Thursday, October 30, 2008

Number of homeless growing, or why homeless jokes bother me

Recently, I posted about a story in our local campus paper where they made a little joke about homeless people and dumspter diving. I saw this article in the USA Today on "Homeless numbers 'alarming,'" and I knew why that joke bothered me. The number of homeless in this country is growing, and it is not just the stereotypical "bums" and "winos" we think about often. As Wendy Koch's article points out, a lot of the new homeless are people who suddenly found themselves in dire straits. Often they are renters with a landlord that had the house or building foreclosed. The renters did nothing wrong; they paid their rent on time, so on, but through no fault of their own find themselves on the street. So, are we as a society expecting them, and many other homeless, often families with children, to simply go dumpster diving? Now some readers may say that the article deals with big cities, so it is obvious they will have homeless. But, we can look at these people as the canary in the mine. Guess where the situation may end up happening next? If you guessed smaller cities and towns, give yourself a prize. According to the article:

"'Everywhere I go, I hear there is an increase' in the need for housing aid, especially for families, says Philip Mangano, executive director of the U.S. Interagency Council on Homelessness, which coordinates federal programs. He says the main causes are job losses and foreclosures."

This will get worse before it gets better. As the old saying goes, for those of you with more of a spiritual persuasion, "there but for the grace of God go I." What also moves me when I see pieces like these in newspapers like USA Today that allow reader comments is the constant lack of compassion. No sense of common good whatsoever from people who, though they claim to be much better off, I am willing to be if they used their real names, we would find out they are really a step away from a financial disaster themselves. And therein lies a lot of what is wrong with this nation these days. There is no sense that, when we help out those who are less fortunate, we are in reality helping out ourselves and all of us. Because, if the economic forecasts and numbers are any indication, things will get worse before they get better; today we had reports of the GDP decreasing as "Economy flashes recession signal" from USA Today. Even the rich are finding, according to Andrea Stone for USA Today too, that "Luxurious lifestyles take a hit." Now, I am sure the folks that merely have to trade in their expensive facelift for botox are not going to be homeless anytime soon, but I hope the picture is becoming clearer. If you still have a roof over your head and food on your table, consider yourself fortunate (thank your deity of choice if need be). The next time you could be the one on the street. Thus, show some compassion and human decency for a change. Just a thought.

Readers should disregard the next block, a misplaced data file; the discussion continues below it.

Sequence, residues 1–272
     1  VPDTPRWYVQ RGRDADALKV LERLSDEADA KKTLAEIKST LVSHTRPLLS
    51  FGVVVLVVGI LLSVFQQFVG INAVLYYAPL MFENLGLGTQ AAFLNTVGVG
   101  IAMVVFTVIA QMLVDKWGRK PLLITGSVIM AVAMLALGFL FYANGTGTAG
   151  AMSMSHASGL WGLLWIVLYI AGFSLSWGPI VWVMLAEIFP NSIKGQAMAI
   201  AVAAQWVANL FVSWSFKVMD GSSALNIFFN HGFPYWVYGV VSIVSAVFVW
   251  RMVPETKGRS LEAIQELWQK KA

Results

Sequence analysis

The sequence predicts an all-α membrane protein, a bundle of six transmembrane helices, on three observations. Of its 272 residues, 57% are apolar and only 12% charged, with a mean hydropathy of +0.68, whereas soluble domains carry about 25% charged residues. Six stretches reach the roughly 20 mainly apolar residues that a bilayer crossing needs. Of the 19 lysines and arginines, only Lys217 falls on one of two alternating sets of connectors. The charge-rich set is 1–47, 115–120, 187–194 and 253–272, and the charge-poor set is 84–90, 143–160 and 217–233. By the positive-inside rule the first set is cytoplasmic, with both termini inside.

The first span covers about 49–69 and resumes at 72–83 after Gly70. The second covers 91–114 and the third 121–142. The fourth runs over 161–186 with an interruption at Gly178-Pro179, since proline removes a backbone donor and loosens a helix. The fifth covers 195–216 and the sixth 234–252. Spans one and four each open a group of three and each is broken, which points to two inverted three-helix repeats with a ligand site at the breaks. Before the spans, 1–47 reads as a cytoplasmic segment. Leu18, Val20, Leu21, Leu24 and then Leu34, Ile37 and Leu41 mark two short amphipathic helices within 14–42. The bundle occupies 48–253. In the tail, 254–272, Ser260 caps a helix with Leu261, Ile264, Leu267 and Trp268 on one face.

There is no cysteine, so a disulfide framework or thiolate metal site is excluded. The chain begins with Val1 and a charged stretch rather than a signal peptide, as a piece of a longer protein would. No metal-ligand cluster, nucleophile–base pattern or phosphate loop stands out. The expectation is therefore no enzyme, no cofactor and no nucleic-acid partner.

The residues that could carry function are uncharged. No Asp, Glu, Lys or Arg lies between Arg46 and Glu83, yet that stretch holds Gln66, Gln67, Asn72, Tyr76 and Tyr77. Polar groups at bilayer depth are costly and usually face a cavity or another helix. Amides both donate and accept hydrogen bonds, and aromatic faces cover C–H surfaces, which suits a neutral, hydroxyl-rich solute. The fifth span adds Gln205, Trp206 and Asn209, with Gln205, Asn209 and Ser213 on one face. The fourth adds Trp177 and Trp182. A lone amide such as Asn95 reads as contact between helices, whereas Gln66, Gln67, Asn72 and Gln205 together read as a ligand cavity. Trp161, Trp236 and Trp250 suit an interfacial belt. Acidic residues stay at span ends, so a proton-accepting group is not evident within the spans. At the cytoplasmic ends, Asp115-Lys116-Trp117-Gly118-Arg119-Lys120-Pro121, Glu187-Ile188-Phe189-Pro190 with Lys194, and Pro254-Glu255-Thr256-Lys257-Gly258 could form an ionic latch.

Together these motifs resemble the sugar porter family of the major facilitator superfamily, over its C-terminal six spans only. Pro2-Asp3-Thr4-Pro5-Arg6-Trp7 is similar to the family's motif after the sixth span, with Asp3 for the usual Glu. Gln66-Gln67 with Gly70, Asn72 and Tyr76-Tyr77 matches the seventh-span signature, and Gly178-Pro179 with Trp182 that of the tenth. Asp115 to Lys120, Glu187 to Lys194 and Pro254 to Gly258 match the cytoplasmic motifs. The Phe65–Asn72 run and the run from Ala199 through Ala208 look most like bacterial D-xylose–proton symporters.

waltc said...

You don't need to use a spiritual reference here. Phil Ochs said it in one of his more poignant songs... "There but for fortune, go you or I."

The most relevant verse: "Show me an alley, show me a train, show me a hobo who sleeps out in the rain, And I'll show you a young man with many reasons why, There but for fortune, go you or I."

Too many people live paycheck to paycheck--and no matter how long you've worked somewhere or what a reputation you've built, those paychecks can stop arriving.

(Joan Baez had a bigger hit with this song, but Ochs wrote it--and I prefer his version.)

Angel, librarian and educator said...

I am going to have to look the song up now. And true, so many living paycheck to paycheck, much due to the fact salaries just have not kept up (that issue could be a whole other post I am sure). And yes, that is the rub: the pay can stop anytime.

Thanks for stopping by Walt. Best, and keep on blogging.